Deer Hunter: Aim Off!
- 0 Comments
- Last updated: 04/03/2020
Last month I wrote about sighting in my Leica scope for greater distances. Given the bullet drop information by the manufacturer’s ballistic program, it was a case of proving that the data gave an accurate bullet strike in practice. Being a little old school, I must admit to having been rather reluctant in the past to move the scope settings off an accurate, known setting of an inch high at 100m, in case it didn’t track back after I had compensated for distance. When shooting deer further away, I had previously aimed off, say three inches high at 200m, and five at 250m, which had worked, but I didn’t feel confident at longer distances than this on live quarry. Coupled with this was the number of times I had an opportunity to shoot to 300m over the past 20+ years, which was not that many, so I passed up these infrequent shots and either got closer or usually left the deer for another day.
However, all went well at the range and I have confidence in the scope and its ability to accurately dial in for distance and back to a 100m zero again, having adjusted the scope’s elevation turret around the different target distances throughout the day at Orion Firearms Training in Mid Wales. There is nothing like time at the range to refine one’s shooting ability and gain confidence in the equipment to do what is asked of it.
At one point at the range, having shot at 100 and 200m with the .308, a 255m target was up next. I dialed 260m and fired, another hit in the centre of the gong vertically, but a little to the right due to wind, as happens. My spotter suggested that when I shot at the next target 333m away I aim about eight inches left. So, with 330m dialed in, I aimed off and got a hit at 6 O’clock. I adjusted the scope turret to 340m and was rewarded with a direct central hit, again with the wind allowance. I repeated this with my Leopold scoped 6.5x55, shooting the sleeker 130-grain Swift Scirocco bullets. The drop profile by Leica’s ballistic programme was good for this load, too, but with noticeably less allowance for wind necessary than with the 308’s 165-g rain Nosler Partitions.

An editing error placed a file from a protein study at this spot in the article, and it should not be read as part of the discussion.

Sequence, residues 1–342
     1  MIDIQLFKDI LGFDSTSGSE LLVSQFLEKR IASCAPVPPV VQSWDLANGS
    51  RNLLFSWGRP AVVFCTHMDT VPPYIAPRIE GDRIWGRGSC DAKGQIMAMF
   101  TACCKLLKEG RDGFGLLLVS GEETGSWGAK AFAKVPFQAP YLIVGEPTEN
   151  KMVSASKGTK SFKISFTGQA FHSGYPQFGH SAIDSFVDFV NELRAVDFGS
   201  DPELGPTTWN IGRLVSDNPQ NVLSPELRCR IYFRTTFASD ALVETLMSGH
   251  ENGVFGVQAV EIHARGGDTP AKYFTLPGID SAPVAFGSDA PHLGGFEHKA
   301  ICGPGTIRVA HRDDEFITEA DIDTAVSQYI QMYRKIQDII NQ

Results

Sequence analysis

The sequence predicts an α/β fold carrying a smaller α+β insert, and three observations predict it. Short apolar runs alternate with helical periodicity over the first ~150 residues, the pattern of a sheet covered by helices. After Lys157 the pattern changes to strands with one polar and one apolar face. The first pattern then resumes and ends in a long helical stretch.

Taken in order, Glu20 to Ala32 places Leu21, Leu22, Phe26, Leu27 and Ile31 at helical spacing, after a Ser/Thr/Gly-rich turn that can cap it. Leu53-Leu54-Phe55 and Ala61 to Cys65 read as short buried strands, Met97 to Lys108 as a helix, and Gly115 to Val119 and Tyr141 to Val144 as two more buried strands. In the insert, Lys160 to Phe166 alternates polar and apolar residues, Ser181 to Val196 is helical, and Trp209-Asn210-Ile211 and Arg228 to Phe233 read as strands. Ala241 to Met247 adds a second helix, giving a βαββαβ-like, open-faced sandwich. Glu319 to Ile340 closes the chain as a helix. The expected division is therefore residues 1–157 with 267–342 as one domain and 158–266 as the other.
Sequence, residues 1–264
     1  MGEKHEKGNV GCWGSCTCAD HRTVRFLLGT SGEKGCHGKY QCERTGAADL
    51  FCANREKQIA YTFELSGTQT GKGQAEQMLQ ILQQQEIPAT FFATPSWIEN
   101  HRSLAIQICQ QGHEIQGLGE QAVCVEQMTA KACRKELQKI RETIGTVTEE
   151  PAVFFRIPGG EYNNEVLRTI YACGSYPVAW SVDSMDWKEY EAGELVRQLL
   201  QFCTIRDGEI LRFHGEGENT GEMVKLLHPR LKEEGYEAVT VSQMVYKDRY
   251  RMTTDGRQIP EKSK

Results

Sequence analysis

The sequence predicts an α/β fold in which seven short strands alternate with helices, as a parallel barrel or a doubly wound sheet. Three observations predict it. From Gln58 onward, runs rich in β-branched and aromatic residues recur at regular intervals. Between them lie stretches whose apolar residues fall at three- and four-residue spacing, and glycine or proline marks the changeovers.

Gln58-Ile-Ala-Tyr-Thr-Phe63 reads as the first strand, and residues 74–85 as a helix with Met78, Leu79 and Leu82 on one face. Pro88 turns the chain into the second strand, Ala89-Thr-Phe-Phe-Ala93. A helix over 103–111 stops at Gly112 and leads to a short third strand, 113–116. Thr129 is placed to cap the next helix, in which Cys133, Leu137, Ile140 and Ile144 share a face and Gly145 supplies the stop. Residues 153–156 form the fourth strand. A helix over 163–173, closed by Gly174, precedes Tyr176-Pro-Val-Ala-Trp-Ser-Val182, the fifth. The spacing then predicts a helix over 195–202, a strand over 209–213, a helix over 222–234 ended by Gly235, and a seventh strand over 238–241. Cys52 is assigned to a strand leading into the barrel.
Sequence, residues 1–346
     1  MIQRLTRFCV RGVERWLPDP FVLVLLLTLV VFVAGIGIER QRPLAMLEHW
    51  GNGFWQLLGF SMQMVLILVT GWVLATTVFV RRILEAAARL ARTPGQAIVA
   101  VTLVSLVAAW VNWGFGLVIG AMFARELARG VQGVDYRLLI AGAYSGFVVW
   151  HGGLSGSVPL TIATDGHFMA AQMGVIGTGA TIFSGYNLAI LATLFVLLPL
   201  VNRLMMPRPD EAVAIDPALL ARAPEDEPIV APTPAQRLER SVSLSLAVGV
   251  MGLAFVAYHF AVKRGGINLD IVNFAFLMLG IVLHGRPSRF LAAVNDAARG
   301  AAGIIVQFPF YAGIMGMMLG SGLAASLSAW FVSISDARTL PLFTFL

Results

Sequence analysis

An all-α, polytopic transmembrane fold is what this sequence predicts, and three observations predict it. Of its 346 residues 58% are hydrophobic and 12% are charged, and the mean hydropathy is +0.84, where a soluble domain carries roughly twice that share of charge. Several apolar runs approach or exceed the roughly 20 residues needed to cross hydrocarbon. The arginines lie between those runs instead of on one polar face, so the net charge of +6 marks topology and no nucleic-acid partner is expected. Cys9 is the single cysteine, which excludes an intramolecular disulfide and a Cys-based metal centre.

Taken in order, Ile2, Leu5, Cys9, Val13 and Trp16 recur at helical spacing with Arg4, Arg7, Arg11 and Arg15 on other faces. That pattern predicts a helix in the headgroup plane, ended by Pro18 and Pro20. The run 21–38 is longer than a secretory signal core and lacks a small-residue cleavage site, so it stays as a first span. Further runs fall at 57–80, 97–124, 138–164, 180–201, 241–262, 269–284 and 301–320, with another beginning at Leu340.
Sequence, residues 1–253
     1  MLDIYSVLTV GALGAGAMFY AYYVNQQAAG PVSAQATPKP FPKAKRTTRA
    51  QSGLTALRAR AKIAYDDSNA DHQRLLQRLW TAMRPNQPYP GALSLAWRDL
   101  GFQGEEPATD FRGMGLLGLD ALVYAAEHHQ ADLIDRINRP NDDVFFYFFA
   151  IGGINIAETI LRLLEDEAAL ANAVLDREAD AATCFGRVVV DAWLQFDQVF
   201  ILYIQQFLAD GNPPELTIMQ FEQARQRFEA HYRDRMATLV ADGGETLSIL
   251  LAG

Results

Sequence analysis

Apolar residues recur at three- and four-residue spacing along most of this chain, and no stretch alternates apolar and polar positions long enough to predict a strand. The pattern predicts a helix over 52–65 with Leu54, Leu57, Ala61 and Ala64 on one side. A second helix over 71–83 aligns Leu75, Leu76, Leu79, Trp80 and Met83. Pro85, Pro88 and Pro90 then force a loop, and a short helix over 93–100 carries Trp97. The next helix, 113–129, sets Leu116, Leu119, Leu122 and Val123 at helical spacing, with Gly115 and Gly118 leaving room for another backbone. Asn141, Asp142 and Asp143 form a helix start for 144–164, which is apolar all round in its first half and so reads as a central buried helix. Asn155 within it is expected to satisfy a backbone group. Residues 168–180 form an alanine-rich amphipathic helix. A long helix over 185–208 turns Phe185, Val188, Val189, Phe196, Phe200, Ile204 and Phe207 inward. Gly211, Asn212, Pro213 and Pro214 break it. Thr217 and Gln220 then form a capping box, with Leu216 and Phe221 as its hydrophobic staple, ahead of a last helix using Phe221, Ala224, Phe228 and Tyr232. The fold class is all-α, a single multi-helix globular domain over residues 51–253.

My take home from the range was that dialing for various distances was no problem, but wind was another issue altogether. Of course, at distances of less than 200m, I normally shoot at, wind isn’t a big problem. At 125m we are talking of a 4cm (1.5”) drift in a 15mph, 3 or 9 O’clock side wind, described as a moderate breeze, which on a heart/lung shot will still result in a kill. Taking that same 15mph cross wind as an example at 250m, the bullet drop from a 100m zero with my 308 Partition load is 5.3 inches, easy to remember to compensate for due to the obvious distance. However, the wind takes the bullet eight inches off target, invisibly causing a real placement issue on a live deer (see image).
There is a lot of technical information behind all this, such as the Ballistic Coefficient (BC) of the bullet, its speed, and the actual direction of the wind relative to the shot direction. Personally, as a hunter, I’m more concerned with practicalities in the field; how much do I aim off for an accurate bullet strike? A little homework can give a good ballpark estimation of windage compensation when stalking, but one needs to know some information first.
The BC difference between my two chosen hunting bullets is great and I urge the reader to find out what theirs is with their loads. For example: 30” calibre, 165-grain, Nosler Partition, with a 0.410 BC in a 15mph wind, at 300m drifts off 15”. My 6.5mm calibre, 130-grain, Swift Scirocco, BC 0.571 with the same wind and range moves 10”. Suffice to say the Swifts are a sleek, boat tailed design, while the Partitions are dumpier, and flatter based. Both work admirably on deer, but the former has the latter well beaten in the wind.
At longer distances, the drift becomes more apparent, this time with just a 10mph wind at 3 O’clock, a gentle breeze on the Beaufort scale at 550m it’s like this: Partition 40”, Scirocco 26”. Both these bullets travel at the same speed from my rifles (2750 fps), so cutting out that variable shows how much their shape really matters. Knowing this information, the hunter can estimate and remember how much their bullet will drift in a gentle or stronger wind at various distances before entering the field.
At the range there are wind socks and of course wind measuring devices like the Kestrel weather meters that can be purchased to accurately assess its speed. The difference between many target shooters is the one who can allow for the wind the most accurately, the one that does so wins the most competitions.
In the field, things are a little different. It is difficult to know, as the hunter walks around their permission, where the wind is coming from exactly, from one minute to the next. It can bounce around off the local topography, so it could well be different 200m away from where the hunter is standing. When a shootable animal appears, the stalker often cannot wait for the wind to die down a little, as the target shooter can, before they must take a shot, or the deer may pass by.
The best the hunter can do is to try to shoot well within 200m if windy, and to apply some windage compensation to a chest shot. In these conditions, two to three inches of drift on a head or neck shot is just not ethical and should be passed up in favour of the larger chest area with more room for error. Final thoughts; practice shooting in and compensating for the wind, don’t push your range and don’t take chances. If you’re not confident, then get closer!